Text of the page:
American-Uzbekistan Chamber of Commerce
Business Newsletter


Weeks in Review:

October 15, 2011 - October 21, 2011 


In this issue
AUCC in Brief
Clinton to visit Tajikistan, Uzbekistan
Hillary Clinton to visit GM plant in Uzbekistan
Uzbek(bek) outrage at Cain
USA, Turkey eye SCO membership
Ex-Soviet nations sign free-trade deal
Contact Us
AUCC Members
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AUCC in Brief 

Established in 1993, the American-Uzbekistan Chamber of Commerce (AUCC) is a private, non-profit trade association representing interests of U.S. businesses ranging in size from small private enterprises to large, multinational corporations conducting business in Uzbekistan.

Our Mission: To advocate the views of the business community to ensure that private sector positions are considered during the development of key policies that impact American businesses and the future of U.S.-Uzbekistan relations.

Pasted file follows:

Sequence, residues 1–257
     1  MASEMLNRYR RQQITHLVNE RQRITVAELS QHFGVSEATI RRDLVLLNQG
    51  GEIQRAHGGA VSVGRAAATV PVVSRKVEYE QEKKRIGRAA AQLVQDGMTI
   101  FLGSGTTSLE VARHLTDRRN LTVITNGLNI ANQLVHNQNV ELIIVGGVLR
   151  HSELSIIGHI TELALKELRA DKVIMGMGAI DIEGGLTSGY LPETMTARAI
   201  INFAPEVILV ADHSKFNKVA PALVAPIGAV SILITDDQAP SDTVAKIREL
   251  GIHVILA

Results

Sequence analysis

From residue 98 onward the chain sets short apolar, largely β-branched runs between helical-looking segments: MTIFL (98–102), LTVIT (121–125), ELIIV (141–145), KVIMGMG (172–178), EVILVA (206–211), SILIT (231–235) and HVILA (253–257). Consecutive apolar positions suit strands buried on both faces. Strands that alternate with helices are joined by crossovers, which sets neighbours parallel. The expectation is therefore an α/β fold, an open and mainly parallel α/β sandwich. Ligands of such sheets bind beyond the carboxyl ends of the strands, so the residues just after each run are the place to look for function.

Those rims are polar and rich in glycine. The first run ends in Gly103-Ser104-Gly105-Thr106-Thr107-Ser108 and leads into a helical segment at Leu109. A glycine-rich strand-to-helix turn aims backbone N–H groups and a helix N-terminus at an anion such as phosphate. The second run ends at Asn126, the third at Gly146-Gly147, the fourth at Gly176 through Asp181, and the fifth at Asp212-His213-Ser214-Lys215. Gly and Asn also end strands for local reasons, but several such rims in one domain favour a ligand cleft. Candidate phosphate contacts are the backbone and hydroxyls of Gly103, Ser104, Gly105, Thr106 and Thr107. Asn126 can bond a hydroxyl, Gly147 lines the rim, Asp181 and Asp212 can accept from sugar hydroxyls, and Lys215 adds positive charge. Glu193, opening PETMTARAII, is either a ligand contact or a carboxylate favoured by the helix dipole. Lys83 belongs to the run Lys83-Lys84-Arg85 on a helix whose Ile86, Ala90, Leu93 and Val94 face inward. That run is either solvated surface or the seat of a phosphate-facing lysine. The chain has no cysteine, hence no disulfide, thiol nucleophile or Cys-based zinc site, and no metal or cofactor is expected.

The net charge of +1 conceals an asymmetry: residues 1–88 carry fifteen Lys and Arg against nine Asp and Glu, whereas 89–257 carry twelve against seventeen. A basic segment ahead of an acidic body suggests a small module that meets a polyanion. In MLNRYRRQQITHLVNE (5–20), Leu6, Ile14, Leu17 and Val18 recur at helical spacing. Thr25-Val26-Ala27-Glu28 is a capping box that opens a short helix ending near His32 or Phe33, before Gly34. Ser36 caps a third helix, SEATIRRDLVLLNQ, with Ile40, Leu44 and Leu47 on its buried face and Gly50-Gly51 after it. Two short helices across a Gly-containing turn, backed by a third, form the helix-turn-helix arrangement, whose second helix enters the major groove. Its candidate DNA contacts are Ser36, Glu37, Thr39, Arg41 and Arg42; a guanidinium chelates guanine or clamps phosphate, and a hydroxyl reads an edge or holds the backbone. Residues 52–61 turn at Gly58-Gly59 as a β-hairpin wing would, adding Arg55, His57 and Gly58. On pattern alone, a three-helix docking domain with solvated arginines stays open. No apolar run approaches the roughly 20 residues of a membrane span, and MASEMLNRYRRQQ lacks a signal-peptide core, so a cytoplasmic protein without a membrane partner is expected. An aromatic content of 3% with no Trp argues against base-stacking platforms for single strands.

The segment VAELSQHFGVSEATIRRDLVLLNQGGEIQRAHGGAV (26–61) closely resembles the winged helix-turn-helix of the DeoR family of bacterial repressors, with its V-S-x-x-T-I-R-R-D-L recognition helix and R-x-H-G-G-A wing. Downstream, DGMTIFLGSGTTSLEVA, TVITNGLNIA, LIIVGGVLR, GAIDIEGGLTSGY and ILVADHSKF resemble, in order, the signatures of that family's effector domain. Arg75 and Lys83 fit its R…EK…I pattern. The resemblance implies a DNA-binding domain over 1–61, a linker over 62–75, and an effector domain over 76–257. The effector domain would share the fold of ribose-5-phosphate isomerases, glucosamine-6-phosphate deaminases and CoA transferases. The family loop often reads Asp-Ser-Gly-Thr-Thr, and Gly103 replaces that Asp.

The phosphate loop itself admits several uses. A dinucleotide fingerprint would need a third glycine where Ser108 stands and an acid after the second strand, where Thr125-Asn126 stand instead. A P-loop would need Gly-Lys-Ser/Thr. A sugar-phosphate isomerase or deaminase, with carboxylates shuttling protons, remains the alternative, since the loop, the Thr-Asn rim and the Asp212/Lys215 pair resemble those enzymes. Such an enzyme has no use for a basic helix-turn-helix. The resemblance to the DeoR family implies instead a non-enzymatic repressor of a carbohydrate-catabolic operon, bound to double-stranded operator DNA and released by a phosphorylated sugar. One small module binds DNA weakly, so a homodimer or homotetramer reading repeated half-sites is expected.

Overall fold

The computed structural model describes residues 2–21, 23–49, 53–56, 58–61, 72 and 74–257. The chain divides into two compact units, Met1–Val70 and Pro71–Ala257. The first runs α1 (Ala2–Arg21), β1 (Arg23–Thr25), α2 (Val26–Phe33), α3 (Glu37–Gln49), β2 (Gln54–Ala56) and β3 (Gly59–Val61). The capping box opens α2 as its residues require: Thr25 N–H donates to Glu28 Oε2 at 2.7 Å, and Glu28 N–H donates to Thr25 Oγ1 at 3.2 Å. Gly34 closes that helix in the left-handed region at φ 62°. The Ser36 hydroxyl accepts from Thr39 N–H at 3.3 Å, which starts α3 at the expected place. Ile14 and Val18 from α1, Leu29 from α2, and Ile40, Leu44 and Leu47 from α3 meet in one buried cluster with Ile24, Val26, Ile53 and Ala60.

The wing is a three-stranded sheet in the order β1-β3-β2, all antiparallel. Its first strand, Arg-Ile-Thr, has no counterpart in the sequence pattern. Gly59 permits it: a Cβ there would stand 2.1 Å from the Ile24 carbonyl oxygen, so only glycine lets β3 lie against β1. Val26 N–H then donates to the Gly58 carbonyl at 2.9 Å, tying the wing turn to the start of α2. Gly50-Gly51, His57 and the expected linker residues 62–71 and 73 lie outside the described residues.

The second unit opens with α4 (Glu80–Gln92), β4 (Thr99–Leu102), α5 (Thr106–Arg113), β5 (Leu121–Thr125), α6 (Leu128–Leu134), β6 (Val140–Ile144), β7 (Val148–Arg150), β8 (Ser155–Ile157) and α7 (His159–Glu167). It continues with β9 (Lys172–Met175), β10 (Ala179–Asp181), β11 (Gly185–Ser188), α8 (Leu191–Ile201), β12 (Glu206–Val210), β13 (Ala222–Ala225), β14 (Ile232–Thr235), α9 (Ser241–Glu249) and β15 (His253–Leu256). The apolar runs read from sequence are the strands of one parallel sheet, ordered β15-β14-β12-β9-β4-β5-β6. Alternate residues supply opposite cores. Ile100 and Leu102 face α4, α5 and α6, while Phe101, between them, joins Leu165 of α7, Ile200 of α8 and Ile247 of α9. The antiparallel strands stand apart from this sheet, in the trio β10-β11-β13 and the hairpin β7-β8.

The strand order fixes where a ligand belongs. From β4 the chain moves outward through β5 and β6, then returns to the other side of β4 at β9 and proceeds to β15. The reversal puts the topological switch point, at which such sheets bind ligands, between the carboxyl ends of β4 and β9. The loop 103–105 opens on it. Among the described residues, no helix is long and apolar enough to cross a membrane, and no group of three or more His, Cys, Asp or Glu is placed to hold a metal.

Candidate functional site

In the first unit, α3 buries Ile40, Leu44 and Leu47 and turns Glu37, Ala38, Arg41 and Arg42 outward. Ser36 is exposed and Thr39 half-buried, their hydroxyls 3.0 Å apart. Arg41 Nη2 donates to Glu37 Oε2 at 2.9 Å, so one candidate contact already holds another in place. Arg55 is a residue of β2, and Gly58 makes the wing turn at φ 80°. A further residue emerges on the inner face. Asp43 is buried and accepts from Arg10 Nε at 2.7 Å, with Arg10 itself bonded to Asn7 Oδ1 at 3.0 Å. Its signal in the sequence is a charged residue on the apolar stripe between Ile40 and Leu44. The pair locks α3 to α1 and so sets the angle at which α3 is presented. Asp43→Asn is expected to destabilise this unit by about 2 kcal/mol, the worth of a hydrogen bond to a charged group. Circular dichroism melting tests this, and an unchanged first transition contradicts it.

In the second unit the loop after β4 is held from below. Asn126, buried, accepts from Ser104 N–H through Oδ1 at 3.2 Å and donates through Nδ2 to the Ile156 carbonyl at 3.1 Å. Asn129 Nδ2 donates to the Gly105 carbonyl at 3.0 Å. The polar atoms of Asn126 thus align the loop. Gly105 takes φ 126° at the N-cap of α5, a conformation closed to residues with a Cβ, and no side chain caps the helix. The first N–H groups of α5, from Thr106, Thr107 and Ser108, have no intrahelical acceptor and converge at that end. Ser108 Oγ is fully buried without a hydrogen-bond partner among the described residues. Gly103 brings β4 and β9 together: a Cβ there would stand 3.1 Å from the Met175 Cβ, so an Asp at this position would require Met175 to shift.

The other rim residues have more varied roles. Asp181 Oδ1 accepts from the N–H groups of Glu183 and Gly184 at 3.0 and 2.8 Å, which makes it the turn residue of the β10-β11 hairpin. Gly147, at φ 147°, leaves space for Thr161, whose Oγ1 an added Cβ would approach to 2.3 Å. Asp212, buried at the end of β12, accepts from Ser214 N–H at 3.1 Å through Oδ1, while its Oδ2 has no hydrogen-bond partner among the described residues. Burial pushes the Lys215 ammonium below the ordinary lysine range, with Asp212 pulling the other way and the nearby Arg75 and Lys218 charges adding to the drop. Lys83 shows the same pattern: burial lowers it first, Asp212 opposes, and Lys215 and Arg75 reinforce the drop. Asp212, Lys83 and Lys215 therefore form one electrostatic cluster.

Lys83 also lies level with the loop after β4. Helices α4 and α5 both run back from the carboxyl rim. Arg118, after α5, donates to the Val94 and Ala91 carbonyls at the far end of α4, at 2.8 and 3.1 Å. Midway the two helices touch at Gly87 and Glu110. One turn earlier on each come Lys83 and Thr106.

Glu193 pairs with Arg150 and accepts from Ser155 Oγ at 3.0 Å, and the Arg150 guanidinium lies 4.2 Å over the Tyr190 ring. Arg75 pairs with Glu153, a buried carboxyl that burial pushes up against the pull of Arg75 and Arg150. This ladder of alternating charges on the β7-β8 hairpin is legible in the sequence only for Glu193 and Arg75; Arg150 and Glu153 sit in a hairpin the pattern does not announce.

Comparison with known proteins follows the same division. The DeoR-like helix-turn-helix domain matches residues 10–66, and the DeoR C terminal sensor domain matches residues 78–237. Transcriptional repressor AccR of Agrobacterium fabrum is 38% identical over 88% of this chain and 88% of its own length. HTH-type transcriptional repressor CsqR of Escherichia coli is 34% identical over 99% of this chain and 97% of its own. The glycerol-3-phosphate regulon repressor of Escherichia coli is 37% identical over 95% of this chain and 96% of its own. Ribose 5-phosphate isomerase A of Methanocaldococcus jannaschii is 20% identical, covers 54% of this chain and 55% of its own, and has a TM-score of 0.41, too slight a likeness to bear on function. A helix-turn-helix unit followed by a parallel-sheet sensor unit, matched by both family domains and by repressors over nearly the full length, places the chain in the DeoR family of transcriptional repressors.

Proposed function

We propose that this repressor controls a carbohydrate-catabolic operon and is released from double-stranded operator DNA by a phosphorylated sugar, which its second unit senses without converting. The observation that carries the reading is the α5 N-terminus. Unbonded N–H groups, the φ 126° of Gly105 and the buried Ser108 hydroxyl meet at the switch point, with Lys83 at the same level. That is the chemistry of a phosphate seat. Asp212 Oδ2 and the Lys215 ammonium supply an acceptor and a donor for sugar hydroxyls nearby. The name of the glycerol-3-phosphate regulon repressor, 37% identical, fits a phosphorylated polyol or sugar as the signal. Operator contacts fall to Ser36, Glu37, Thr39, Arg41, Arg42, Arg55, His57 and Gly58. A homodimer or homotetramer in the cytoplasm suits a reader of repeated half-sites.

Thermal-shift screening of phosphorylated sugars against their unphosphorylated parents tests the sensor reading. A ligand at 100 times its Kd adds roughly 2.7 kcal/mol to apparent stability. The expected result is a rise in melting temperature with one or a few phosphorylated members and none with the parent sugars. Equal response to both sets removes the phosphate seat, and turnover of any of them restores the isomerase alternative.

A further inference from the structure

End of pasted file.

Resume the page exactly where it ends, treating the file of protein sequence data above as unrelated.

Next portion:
Our Objective: To serve the needs of its members by strengthening commercial relations between the United States and Uzbekistan. 

Clinton to visit Tajikistan, Uzbekistan of 10/21/2011
The State Department says U.S. Secretary of State Hillary Rodham Clinton will visit Tajikistan (tah-JEEK'-ih-stahn) and Uzbekistan (ooz-behk-ih-STAHN') this weekend as she wraps up a Central Asian tour focused on securing and stabilizing Afghanistan.

After meetings in Pakistan on Friday, Clinton will travel to the Tajik capital of Dushanbe and then move on Saturday to the Uzbek capital of Tashkent (TAHSH'-kehnt), the department said. She returns to Washington on Sunday.

Clinton is making the visits to press for Afghanistan's full integration into the region as part of efforts to bring an end to the years of war there.